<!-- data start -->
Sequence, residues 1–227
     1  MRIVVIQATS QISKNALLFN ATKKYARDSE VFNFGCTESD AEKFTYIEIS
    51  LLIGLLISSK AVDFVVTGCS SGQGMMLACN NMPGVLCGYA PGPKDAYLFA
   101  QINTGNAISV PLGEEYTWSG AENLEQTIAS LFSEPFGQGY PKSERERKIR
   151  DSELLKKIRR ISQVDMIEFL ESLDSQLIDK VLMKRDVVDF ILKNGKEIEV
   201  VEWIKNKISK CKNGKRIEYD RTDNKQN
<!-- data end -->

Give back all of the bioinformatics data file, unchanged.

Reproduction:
Sequence, residues 1–227
     1  MRIVVIQATS QISKNALLFN ATKKYARDSE VFNFGCTESD AEKFTYIEIS
    51  LLIGLLISSK AVDFVVTGCS SGQGMMLACN NMPGVLCGYA PGPKDAYLFA
   101  QINTGNAISV PLGEEYTWSG AENLEQTIAS LFSEPFGQGY PKSERERKIR
   151  DSELLKKIRR ISQVDMIEFL ESLDSQLIDK VLMKRDVVDF ILKNGKEIEV
   201  VEWIKNKISK CKNGKRIEYD RTDNKQN